Busloads of moonbats, oh my!

That stuff is really crazy, hard to tell which side of the crazy meter it falls on when you compare it to Cheneys' claim that we would be welcomed as liberators. About equal crazy, I guess.

Has this generation come up with a new version of "Ho Ho Ho Chi Minh!" to chant as they support the folks killing US soldiers, or are they just recycling golden oldies?

Mr. North,

We're all soldiers now...have been since we dropped the bomb on Hiroshima. In war, there are no innocents anymore and the far left's friends Hammas, Mr. Sadr, and that ilk are only driving the point home. I will GLADLY take action against these people and the people that support them and have no nightmares for it.

THEY have kicked this tiger in the balls...I don't think they have a plan for his teeth. Ever wonder why we don't have suicide bombers in the US? Because they know we can carry firearms and would waste no time arranging their meeting with the virgins.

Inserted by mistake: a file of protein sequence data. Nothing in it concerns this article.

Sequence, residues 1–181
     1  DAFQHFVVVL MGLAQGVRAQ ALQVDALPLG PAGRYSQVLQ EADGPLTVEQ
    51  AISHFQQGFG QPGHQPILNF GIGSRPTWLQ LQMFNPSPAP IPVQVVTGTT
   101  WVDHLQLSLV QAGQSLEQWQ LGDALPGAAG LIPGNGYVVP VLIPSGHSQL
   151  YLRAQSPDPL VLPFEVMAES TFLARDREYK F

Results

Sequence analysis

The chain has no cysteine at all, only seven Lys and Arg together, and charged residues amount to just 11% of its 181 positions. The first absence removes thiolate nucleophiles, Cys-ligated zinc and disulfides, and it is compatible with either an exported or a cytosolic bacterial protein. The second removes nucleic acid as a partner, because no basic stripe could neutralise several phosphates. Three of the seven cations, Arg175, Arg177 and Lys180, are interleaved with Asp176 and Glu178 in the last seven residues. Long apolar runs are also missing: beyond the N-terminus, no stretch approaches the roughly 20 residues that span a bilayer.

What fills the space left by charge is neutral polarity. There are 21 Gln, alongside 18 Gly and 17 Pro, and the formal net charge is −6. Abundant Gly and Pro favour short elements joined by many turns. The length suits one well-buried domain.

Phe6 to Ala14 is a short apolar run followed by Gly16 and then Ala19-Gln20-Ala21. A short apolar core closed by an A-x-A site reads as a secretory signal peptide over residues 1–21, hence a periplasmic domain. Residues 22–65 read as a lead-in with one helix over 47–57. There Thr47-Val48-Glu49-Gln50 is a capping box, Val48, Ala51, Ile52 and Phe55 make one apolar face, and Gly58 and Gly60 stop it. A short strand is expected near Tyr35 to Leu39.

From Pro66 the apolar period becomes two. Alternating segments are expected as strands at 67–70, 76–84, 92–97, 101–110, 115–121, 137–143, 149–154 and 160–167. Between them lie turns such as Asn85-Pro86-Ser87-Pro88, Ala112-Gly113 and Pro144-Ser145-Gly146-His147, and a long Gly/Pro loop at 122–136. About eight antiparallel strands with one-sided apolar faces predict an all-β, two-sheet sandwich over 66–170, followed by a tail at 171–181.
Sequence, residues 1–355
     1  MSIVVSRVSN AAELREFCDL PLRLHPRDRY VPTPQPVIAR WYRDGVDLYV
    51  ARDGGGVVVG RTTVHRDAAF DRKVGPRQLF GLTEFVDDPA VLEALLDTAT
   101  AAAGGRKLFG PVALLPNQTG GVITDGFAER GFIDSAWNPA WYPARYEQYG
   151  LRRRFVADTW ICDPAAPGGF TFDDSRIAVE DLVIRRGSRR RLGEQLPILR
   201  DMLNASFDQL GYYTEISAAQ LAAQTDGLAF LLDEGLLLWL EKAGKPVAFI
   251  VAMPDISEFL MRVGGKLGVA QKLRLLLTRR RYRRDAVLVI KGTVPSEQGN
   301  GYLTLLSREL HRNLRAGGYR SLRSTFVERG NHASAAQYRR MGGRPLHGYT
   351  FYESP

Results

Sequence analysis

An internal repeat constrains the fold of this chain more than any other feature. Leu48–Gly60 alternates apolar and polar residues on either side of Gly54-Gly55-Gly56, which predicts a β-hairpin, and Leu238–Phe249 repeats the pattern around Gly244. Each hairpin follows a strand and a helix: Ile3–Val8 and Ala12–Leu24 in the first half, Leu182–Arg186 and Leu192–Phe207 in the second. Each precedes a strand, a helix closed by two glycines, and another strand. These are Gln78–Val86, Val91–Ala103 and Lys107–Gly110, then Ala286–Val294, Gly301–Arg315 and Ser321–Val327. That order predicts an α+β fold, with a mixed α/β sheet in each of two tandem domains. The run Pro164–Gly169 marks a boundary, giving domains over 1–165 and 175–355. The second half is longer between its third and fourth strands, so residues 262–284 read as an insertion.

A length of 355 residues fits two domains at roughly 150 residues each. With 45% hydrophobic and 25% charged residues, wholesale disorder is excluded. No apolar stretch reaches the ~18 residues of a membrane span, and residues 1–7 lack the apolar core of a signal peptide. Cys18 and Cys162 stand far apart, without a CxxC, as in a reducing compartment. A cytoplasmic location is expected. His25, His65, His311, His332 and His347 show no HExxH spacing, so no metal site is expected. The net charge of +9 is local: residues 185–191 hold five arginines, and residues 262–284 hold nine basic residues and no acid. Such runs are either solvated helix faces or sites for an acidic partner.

Wrapper -

Check out this blog: http://iraq-iraqis.blogspot.com/

it's by an Iraqi. There are MANY more like this one that other's can provide. The majority of Iraqis WANT their country to be democratic. They know they can't defend themselves from the barbarians so they rely on us for now. Some like it...some don't...but they all accept the fact that WE are the only nation how apparently gives a rat's arse about them.

Why do so many Americans insist that Iraqis all are of the same mind on the war (or chicken, or laundry soap for that matter)?

It's like the media speaking about "Europe" as if there were one great big collective European consciousness that is in constant agreement over every issue.